Flounder fishing is picking up very well. Most of the fish remain smallish, but several were weighed this week pushing 4 pounds. The trout bite is good, as is the black drum bite. Sheepshead are a good bet if you can acquire fiddler crabs for bait. Get anywhere near the inlet, and youll catch bluefish, ladyfish (big ones) and jack crevalle ‘til your arm falls off. While a ladyfish is admittedly nasty to bring into your boat, they do make a dynamite cut bait for redfish  and jacks and bluefish.


Surf fishing, if the weather permits, is just about as good as it gets. But the “if has been, and will be, a big one. The surf temperature is right at 68 degrees, which is exactly what pompano like. The key to finding them is locating cleaner water. Just because it dirty on one side of the inlet doesnt necessarily mean it the same on the opposite side. Runouts and troughs are important to locate, but not always necessary. Most important  just when all those stars align for you, be prepared to toss it all away. If theyre not there, or not biting there, move. Apparently nobody has told them what theyre supposed to do, or when.

There have been just a few reports of cobia this week, but theyre more rumor than anything. Generally they do not seem to be off the beaches, though the pogie pods and big rays are. The weather been so blustery, no one really gotten out to check the wrecks and reefs out around 100 feet  and certainly wont be out there for the next few days.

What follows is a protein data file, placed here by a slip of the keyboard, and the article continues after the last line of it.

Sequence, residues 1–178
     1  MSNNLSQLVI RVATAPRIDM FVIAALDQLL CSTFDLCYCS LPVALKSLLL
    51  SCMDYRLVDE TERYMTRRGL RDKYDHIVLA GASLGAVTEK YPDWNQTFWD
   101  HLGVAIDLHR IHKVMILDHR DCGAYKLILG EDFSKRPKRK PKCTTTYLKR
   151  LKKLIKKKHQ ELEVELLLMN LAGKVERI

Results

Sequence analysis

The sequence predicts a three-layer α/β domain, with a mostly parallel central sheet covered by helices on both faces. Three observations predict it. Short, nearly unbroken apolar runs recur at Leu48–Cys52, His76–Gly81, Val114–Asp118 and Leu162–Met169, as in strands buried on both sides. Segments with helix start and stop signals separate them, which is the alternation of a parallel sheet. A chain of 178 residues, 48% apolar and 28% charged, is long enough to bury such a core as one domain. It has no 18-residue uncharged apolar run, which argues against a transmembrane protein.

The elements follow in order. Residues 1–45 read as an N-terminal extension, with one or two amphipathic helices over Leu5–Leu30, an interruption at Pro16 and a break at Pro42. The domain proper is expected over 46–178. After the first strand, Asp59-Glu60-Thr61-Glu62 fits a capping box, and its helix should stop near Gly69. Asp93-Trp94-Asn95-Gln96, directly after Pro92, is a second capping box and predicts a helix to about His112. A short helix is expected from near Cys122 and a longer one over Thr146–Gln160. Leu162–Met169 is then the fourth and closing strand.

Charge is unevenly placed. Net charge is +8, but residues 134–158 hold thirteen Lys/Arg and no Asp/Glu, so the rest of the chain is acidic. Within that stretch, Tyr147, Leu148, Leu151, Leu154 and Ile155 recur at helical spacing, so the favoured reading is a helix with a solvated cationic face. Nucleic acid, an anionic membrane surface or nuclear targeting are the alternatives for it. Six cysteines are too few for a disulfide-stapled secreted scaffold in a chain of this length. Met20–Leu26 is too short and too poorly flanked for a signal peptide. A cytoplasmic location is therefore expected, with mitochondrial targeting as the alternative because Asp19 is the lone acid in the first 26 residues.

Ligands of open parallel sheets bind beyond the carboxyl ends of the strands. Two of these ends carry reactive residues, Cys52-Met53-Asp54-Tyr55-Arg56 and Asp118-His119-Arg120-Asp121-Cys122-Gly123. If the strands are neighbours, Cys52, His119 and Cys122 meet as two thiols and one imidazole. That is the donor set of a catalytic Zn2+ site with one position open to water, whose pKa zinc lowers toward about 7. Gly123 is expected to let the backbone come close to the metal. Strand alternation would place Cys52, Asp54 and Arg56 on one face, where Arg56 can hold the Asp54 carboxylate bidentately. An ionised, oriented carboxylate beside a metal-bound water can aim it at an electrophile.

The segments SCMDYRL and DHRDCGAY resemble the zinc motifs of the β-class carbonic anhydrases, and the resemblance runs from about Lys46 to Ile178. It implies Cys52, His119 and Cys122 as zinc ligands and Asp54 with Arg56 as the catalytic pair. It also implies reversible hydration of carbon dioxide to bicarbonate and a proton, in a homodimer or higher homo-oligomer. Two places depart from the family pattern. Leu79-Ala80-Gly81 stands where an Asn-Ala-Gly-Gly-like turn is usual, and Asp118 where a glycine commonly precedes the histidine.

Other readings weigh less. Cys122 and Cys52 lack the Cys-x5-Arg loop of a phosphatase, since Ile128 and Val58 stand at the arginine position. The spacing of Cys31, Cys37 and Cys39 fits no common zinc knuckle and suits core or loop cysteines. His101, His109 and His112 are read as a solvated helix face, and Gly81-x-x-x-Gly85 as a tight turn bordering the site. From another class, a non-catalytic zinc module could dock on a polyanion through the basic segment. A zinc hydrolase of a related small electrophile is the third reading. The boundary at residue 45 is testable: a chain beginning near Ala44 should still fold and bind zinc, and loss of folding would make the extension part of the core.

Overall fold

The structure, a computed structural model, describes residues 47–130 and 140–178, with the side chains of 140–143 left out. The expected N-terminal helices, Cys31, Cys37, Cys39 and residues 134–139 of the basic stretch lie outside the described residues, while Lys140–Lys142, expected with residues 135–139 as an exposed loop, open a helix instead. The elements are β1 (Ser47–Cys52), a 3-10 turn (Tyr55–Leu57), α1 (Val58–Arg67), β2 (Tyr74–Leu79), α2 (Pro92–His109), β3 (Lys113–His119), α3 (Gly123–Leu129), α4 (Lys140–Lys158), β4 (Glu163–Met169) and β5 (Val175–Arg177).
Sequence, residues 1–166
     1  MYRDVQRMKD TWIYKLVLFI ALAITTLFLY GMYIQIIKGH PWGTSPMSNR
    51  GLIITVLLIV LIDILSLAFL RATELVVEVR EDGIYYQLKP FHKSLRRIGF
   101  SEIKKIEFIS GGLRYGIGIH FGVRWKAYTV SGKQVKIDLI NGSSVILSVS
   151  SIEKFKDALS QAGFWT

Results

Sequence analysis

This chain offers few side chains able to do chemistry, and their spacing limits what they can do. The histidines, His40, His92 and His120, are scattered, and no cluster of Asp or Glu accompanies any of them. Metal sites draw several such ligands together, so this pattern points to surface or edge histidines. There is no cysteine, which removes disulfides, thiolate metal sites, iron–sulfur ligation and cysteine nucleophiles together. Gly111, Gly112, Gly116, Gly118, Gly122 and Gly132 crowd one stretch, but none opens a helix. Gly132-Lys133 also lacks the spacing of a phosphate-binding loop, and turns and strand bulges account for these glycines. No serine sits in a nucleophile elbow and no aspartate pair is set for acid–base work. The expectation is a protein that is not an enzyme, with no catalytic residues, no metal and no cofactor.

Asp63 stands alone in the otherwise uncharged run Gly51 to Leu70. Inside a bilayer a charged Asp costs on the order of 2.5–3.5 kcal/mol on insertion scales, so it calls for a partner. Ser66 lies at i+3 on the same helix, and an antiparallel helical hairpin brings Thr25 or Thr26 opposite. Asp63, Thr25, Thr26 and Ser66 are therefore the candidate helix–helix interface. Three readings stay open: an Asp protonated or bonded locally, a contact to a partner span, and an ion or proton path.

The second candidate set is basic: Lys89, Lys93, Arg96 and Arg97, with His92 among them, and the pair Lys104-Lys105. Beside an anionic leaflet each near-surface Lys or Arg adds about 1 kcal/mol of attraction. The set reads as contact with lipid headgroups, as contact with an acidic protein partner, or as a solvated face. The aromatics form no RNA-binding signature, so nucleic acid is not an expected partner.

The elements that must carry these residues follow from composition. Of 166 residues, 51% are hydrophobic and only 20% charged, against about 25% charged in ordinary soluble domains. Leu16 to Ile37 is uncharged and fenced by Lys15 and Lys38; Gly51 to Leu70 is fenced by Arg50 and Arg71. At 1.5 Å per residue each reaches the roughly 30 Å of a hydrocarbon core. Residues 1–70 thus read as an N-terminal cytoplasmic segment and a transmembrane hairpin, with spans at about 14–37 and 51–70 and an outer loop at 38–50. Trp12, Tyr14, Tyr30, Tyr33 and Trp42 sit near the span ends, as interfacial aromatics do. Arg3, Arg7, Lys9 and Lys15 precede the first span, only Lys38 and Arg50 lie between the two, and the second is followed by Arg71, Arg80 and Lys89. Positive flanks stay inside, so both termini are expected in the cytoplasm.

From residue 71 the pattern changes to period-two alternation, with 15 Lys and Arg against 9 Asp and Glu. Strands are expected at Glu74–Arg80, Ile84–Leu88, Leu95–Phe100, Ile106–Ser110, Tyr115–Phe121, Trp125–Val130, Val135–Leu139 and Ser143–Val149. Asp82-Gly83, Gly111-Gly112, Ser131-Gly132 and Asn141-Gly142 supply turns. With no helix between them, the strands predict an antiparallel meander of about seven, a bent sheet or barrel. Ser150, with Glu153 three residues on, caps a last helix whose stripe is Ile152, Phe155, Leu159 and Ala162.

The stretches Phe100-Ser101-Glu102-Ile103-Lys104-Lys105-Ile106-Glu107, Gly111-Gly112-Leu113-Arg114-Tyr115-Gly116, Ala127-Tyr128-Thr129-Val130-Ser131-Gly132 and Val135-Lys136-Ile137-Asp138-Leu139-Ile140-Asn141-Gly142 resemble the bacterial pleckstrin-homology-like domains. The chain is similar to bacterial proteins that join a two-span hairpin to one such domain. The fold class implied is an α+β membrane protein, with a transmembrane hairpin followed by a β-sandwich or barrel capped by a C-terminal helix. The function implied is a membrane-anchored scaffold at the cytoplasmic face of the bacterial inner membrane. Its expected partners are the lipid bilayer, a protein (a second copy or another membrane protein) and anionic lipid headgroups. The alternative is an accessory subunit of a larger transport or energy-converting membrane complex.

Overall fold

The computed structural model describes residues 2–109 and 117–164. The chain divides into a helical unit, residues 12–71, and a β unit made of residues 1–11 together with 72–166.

In the deep water, the dolphin bite is picking up very well. Some of the charter boats were catching up to 20 dolphin averaging 15 pounds, with some pushing 30. The wahoo bite is slowing down, with two or three being reported by the dolphin trollers. The fish have been found from 180 feet out to 300 feet. The blackfin tuna are concentrating out past that.

Bottom fishing for the regular triggerfish, beeliners, sea bass and porgies is good. Grouper are rare, as are the legal species of snapper.


It looks like a better weekend for wishing you were fishing than doing it. The winds will blow from the northeast at 20-25 knots. Seas are expected to be 6-8 feet. Even the St. Johns and ICW should be white-capped by the winds. Sneak up in a little creek if you can. At least the surfers ought to be happy.


The Ancient City Game Fish Association will meet Tuesday at the St. Augustine Shrine Club on Moultrie Creek, 250 Brainard St. Social hour begins at 6 p.m., followed by light food at 6:30 p.m. The program will be on offshore trolling techniques and tips. Junior Anglers will have “Wii night. Parents and kids are asked to bring their favorite multi-player game. For the alleged grown ups, awards for the “Spring Kick Off tournament will be handed out.

**Jim Sutton** provides a weekly fishing report for The Record.

Reach him at [email protected]

**CONTRIBUTED PHOTO;** From left, Will Pecora, ‘Grandpa Carl Pecora and John Sarr, with some nice North River reds, caught last week.

Listing ID: 19015